In Frequentist Linear Regression, I have seen 2 approaches which lead to basically similar models. We have $W,y,X,\epsilon$ related as $y=W^TX+\epsilon$, where $y$ is the dependent random variable, and $X$ is assumed to be a constant (first approach), or random (second) independent variable. $\epsilon$ is assumed to be the Gaussian error. Now let us say we assume $X$ as a random variable, of which, we don't know the probability distribution. (At least the sources I've read don't talk about its distribution)
We also write the the data as $\{(x_i,y_i)_n\}$, and this notation is widely used: $$p(D)=p(y|X)\tag{i}$$ where "$D$" is often called the Data. ((1)Is it a random variable?)
Well then, we get (assuming parameters of $\epsilon$ to be constant), $$p(y|W,X)=N(W^TX,\sigma_\epsilon^2)$$ and compute the MLE.
Now coming to the semi Bayesian, we know a prior distribution of $W$. Now we wish to know the posterior, given the data D. That is, $$p(W|D)=_{\text{Def of Conditional Probability}} \frac{p(W,D)}{p(D)}=\frac{p(D|W)p(W)}{p(y|X)}$$ (2)Now, how do we compute $p(D|W)$? (All we are given is $(i)$, about $p(D)$)

Now coming to the pure Bayesian, we basically want $$p(y|X,D) =\frac{p(y,X,D)}{p(x,D)}$$ I was told at school that this equals $$\int_Wp(y|W,X)p(W|D)dW$$ (3)How to arrive at this?
Please use only basic stuff like definitions to derive this. I have found so many interpretations and ways of these, that I literally have no idea what is the correct way to look at it. So please provide answers to the questions in bold.
Also, if there is any mistake in the above reasoning, please point out.

  • $\begingroup$ In (i) if D is (x,y) then $p(D)=p(x,y) \neq p(x|y)$ $\endgroup$ Sep 19, 2020 at 20:06
  • $\begingroup$ @user0, okay, but I still don't see how it solves the other issues. Can you help me with that? $\endgroup$ Sep 19, 2020 at 20:32

1 Answer 1


Is $D=\{(X_i,y_i)_n\}$ a random variable?

Yes, since $y_i$ are random variables. Are $X_i$ random variables? Theoretically yes, but is not always useful to consider them as such. Since the regression weights $W$ only affect the distribution of $y_i|X_i$, we can say:

$$p(W|D)=p(W|X,y)=\frac{p(W,x,y)}{\int\int p(W,x,y)dxdy}=\frac{p(W)p(X)p(y|X,w)}{\int p(W')p(X)p(y|X,W')dW'}=\frac{p(W)p(y|X,w)}{\int p(W')p(y|X,W')dW'}$$

Since $p(X)$ cancels in the calculation of the posterior $p(W|D)$, we can safely ignore the distribution of $X$ and consider it fixed instead of random.

There are, of course, some exceptions: when $X$ includes some missing data, considering $X$ as random allows us to manage imputation in a quite principled way: we just marginalize the missing values out when finding the posterior. But in the absence of missing values, I do not see any advantages to considering $X$ as random with some distribution $p(X)$.

Also, note that $p(D)=p(y|X)$ when $X$ is fixed. When $X$ is considered random, $p(D)=p(y,X)=p(y|X)p(X)$.

How do I calculate $p(D|W)$?

Since you assume a normal model, where $p(y|X,W)$ is normal, you have simply: $$p(D|W)=\prod_{i=1}^n p(X_i,y_i|W)=\prod_{i=1}^n p(y_i|X_i,W)p(x_i)$$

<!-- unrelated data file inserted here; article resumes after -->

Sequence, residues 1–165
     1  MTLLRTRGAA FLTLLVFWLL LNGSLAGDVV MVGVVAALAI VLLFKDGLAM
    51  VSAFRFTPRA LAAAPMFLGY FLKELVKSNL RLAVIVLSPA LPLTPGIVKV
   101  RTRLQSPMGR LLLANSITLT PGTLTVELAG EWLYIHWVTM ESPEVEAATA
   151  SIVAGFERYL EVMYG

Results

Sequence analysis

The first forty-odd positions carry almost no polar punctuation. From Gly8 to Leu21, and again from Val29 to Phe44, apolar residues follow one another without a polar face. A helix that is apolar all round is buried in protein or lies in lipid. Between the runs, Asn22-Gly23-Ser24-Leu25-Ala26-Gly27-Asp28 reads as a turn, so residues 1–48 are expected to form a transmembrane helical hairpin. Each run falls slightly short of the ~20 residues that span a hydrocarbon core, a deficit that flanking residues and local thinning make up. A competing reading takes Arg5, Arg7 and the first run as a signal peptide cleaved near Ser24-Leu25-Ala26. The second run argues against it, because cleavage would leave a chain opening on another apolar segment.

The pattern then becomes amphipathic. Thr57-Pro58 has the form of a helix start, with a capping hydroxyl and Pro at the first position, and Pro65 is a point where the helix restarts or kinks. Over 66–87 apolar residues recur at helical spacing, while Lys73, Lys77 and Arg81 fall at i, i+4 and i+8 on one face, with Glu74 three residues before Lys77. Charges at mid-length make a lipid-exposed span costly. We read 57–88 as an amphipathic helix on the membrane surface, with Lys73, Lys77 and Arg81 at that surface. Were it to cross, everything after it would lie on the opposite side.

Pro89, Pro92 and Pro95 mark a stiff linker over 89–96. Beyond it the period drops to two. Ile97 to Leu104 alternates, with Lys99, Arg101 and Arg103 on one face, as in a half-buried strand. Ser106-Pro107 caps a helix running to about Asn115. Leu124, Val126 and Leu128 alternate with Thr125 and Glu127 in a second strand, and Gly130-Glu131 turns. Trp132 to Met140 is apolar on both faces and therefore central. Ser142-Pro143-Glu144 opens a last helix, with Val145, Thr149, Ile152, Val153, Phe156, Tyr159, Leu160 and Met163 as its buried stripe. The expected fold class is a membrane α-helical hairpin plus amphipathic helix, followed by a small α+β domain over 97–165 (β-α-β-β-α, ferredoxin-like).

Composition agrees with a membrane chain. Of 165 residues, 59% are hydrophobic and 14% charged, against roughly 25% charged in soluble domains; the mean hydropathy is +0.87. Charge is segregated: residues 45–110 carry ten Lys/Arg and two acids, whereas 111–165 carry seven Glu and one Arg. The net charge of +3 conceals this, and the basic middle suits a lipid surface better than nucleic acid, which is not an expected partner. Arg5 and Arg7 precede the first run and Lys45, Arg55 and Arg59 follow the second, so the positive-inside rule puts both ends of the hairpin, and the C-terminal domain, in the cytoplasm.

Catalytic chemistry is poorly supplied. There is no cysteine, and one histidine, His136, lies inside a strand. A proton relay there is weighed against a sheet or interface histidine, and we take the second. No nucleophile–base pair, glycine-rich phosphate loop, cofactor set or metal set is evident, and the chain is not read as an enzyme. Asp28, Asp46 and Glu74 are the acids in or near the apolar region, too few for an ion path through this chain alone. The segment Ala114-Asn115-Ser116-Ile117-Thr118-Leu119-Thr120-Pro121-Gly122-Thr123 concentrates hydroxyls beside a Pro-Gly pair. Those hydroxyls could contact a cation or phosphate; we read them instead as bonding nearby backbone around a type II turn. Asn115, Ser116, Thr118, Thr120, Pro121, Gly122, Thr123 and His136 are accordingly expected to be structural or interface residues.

If you take $x$ as fixed, you can safely ignore $p(X)$ in the above equation.

How to arrive at $p(y^\star|X^\star,D)=\int p(y^\star|W,X^\star)p(W|D)dW$?

This equation refers to the posterior predictive distribution: after we fit our model on data $D$, how do I predict the value $y^\star$ given the covariate vector $X^\star$? (I added $\star$ here to emphasize that $X^\star$ and $y^\star$ refer to new observations not included in the original data $D$).

Then, the equation you wrote follow by applying the law of total probability. In details, we have:

$$p(y^\star|X^\star,D)=p(y^\star|X^\star,D)\cdot\int p(W|D)dW \\= \int p(y^\star|X^\star,D)\cdot p(W|D)dW=\int p(y^\star,W|X^\star,D)dW\\=\int p(y^\star|W, X^\star)p(W|D)dW$$

You might find these questions about the law of total probability useful:

Hope it was helpful!

  • $\begingroup$ Amazing. Just an observation, there's no need to "assume" that $X$ is fixed in the second part. The $p(X_i)$ term just cancels out from the denominator! $\endgroup$ Sep 21, 2020 at 13:08
  • $\begingroup$ Great answer :). Just a question. In the third right-hand side term of the expression that defines $p(W|D)$, would it be correct to consider in the numerator $p(W|X)p(X)$ instead of $p(W)p(X)$? $\endgroup$
    – Javier TG
    Sep 21, 2020 at 18:06
  • 2
    $\begingroup$ @JavierTG Good point! It would indeed be correct to consider p(W|X)p(X). When I write it as p(W)p(X), I am assuming than W and X are independent. It makes sense: if I didn't know the values of Y and someone told me the values of the the covariates X, I wouldn't learn anything about W. $\endgroup$
    – PedroSebe
    Sep 22, 2020 at 0:47
  • $\begingroup$ See also (frequentist ...) stats.stackexchange.com/questions/144826/… and stats.stackexchange.com/questions/215230/… $\endgroup$ Oct 29, 2020 at 21:43

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